June 2015 – KARACHI, Pakistan — Karachi’s poor learned long ago to cope with the many adversities that afflict Pakistan’s most crowded and chaotic city, including flooding, street violence and political crises. But since a suffocating heat wave descended on Karachi three days ago, killing at least 770 people, they have found no respite and no escape. “It’s so hot,” said a security guard, Shamim ur-Rehman, 34, as he sat on a cot, beleaguered. “There is no fan, there is nothing. I can’t sleep at night or during the day.”
Prime Minister Nawaz Sharif declared an emergency on Tuesday as the death toll from the heat wave soared, with overwhelmed hospitals struggling to treat a surge of casualties and morgues filling to capacity. The army set up emergency treatment centers in the streets and the provincial government closed schools and city offices. The Edhi Foundation, which runs an ambulance service and Karachi’s largest morgue, said it had collected over 600 bodies in recent days. “The first to die were the people on the streets — heroin addicts, beggars, the homeless,” said Anwar Kazmi, a spokesman for the service. “Then it was the elderly, particularly those who didn’t have anyone to take care of them.”
In many ways, the emergency is the product of a perfect storm of meteorological, political and religious factors in Karachi. Chronic shortages of water and electricity have exacerbated the impact of the heat wave, which has brought temperatures up to 45 Celsius, or 113 degrees Fahrenheit, in a crowded city of 20 million people that is normally ventilated by a sea breeze. The health dangers are further exacerbated by the demands of the annual Ramadan fast, when most Muslims abstain from eating or drinking water during daylight hours. In Karachi, that means about 15 hours with no source of hydration — a factor that has particularly affected manual laborers and street vendors, who work outside under the sun.
Dr. Seemin Jamali, head of Jinnah Postgraduate Medical Center emergency wing, said 272 people had died there from heat-related conditions, including dehydration. The smaller Abbasi Shaheed Hospital said 56 bodies had been brought in since Monday night. Officials said a majority of the victims were men over the age of 50, especially day laborers from lower-income groups. Although Karachi residents are used to dealing with other emergencies — stockpiling groceries, for example, during bouts of street violence — they seemed at a loss for how to manage the extended heat wave. The electricity shortages are the product of decades-long mismanagement of Pakistan’s national grid, and are often worse at dusk when many people are cooking in preparation for the end of the fast. Not only do the power cuts make air-conditioning units and ceiling fans useless — they also reduce the water supply by shutting down pumps. Ice is in short supply and being sold for a premium in many neighborhoods.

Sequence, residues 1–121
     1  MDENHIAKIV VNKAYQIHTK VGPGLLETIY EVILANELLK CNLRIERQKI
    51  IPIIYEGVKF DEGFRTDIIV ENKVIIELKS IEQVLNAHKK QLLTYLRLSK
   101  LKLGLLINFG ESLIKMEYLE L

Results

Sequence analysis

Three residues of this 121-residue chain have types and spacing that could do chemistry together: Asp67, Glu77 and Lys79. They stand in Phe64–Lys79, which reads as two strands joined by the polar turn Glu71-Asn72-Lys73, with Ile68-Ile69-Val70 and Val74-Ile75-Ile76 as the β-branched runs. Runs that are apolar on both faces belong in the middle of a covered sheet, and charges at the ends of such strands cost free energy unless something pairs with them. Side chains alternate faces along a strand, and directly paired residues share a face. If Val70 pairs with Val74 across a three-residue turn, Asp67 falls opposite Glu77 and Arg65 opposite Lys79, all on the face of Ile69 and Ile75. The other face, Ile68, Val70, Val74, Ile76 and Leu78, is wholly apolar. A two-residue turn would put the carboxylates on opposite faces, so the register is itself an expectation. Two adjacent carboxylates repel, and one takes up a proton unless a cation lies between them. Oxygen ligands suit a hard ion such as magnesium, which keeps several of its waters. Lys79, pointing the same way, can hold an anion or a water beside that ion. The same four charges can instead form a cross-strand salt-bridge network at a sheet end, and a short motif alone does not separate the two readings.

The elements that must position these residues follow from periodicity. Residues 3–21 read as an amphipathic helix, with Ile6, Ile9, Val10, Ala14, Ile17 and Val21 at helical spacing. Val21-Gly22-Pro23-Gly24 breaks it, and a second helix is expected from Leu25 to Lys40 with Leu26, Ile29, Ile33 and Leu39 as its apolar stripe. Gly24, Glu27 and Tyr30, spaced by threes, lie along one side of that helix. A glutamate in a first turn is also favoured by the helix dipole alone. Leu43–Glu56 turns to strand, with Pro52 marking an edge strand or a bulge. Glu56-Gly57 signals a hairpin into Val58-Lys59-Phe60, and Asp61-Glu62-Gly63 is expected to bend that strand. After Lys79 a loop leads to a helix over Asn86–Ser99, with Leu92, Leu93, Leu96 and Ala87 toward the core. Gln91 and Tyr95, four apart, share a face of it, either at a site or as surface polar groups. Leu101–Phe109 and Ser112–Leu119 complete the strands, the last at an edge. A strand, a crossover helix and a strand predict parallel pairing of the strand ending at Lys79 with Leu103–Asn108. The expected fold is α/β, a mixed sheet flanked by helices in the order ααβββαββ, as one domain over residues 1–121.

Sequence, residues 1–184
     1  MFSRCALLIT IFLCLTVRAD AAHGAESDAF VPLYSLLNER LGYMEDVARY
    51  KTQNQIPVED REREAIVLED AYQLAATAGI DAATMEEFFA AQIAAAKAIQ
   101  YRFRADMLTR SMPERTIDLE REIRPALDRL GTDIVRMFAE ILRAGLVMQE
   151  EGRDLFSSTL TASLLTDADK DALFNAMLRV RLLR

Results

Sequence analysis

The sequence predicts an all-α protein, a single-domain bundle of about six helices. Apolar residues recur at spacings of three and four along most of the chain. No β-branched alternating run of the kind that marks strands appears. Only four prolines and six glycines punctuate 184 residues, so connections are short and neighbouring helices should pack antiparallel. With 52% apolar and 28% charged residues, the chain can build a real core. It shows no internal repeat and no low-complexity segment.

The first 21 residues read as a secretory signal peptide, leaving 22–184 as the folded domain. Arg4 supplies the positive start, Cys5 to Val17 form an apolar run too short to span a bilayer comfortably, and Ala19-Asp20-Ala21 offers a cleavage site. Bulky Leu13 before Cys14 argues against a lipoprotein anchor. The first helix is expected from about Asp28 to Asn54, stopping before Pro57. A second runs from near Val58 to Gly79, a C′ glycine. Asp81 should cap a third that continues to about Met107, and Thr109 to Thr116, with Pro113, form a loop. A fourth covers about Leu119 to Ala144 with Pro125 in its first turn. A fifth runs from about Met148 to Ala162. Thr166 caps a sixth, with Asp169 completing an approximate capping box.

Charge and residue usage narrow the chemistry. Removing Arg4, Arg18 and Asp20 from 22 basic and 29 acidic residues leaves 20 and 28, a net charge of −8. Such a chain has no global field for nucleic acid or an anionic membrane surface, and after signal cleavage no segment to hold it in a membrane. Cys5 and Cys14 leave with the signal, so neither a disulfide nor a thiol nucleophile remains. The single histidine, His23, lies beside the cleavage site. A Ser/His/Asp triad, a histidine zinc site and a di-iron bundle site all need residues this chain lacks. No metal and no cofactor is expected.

“People are screaming at us on our helpline to get help them, and when we do, they fight to get on the ambulance,” he said. More opposition parties, including the Karachi-based Muttahida Qaumi movement, are blaming the federal government for the crisis, which they say has been compounded by massive power cuts all across Sindh province. Dildar Shah lives in the Karachi suburb on Malir and has lost two neighbors to the extreme conditions. “This is like the Day of Judgment,” he said. “It seems all of us will die in this heat together.” –NY Times NBC
Death toll soars: The sweltering heat wave in Pakistan has claimed up to 1,011 lives with at least 229 fatalities reported on Wednesday by the government and private hospitals. Local morgues are full. The heat wave in the city of 20 million people coincided with severe electricity cuts, leaving many without fans, water or light, and the beginning of the holy month of Ramadan, when many Muslims do not eat or drink during daylight hours. Some shops have refused to sell ice or water during the day, citing religious laws that mean they can be fined. It is also illegal to eat or drink in public from dawn to dusk. An influx of bodies into the morgues has forced medical officials to store bodies in body bags on the floor, said Anwar Kazmi, a senior official of the charitable organization the Edhi Foundation. Air conditioning units at the morgue have stopped working.
The provincial government had done little except try to blame others, he said.According to Dawn News, around 40,000 people have suffered a heat stroke and 7,500 of them were being treated in the Jinnah Postgraduate Medical Centre (JPMC), said officials. The provincial government of Sindh has imposed a state of emergency at all hospitals and cancelled the leave for doctors. The government also increased stocks of medical supplies at hospitals. –Financial Express, Independent